January 23, 2013


Diane M. Fremgen

Clerk of Court of Appeals







This opinion is subject to further editing.  If published, the official version will appear in the bound volume of the Official Reports. 


A party may file with the Supreme Court a petition to review an adverse decision by the Court of Appeals.  See Wis. Stat. § 808.10 and Rule 809.62. 





Appeal No. 


Cir. Ct. No.  2010CV1888









Associated Bank, N.A.,






Gary T. Bradley, Jaclyn R. Bradley, Mortgage Electronic

Registration Systems, Inc. and GSF Mortgage Corporation,




Wells Fargo Bank, NA,






            APPEAL from a judgment of the circuit court for Brown County:  KENDALL M. KELLEY, Judge.  Affirmed and cause remanded with directions. 

            Before Hoover, P.J., Mangerson, J., and Thomas Cane, Reserve Judge.

1        PER CURIAM.   Associated Bank, N.A., a junior lienholder, filed this foreclosure action against Gary and Jaclyn Bradley, Mortgage Electronic Registration Systems, Inc. (MERS), GSF Mortgage Corporation, and Wells Fargo Bank, NA.  The Bradleys purchased the property at issue following a sheriff’s sale in an earlier foreclosure action initiated by the primary lienholder, Wells Fargo.  Associated asserts it is entitled to a judgment of foreclosure against the Bradleys and the circuit court erred by limiting its remedy to its right of redemption.  We affirm.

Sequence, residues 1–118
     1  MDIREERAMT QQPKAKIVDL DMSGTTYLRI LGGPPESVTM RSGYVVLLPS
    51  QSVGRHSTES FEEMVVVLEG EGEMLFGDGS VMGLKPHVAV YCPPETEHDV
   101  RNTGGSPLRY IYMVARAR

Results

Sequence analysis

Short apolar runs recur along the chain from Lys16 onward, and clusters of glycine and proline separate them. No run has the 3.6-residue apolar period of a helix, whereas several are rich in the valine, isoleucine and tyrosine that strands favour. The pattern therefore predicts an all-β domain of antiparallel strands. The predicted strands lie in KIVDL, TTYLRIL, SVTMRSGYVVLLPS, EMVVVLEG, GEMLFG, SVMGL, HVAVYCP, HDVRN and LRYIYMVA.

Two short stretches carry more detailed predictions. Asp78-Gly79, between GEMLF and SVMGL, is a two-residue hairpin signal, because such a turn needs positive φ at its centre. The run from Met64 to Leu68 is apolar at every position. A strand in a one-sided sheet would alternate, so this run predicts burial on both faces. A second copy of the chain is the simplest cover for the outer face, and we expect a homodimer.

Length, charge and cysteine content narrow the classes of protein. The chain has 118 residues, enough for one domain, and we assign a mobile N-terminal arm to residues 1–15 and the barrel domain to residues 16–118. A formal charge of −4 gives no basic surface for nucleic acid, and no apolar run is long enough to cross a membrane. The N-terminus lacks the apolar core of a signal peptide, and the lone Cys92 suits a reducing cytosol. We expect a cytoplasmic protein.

2        The property at issue in this appeal was owned by Charles and Karli Spahr.  There were two mortgages on the property:  a first lien in favor of Wells Fargo, and a second lien, subordinate to the Wells Fargo mortgage, in favor of Associated Bank.

            3        Wells Fargo commenced a foreclosure action in Brown County case No. 2008-CV-2791.  After entry of judgment, Wells Fargo filed an amended complaint naming MERS as a party.  The amendment was based on an erroneous report from Chicago Title that Associated had assigned its mortgage interest to MERS.  Associated was not made a party to the foreclosure and MERS did not respond to the complaint.  An amended judgment was entered in May 2009 and the property was sold in a sheriff’s sale.  The Bradleys purchased the property from the successful bidder, Federal Home Loan Mortgage Company.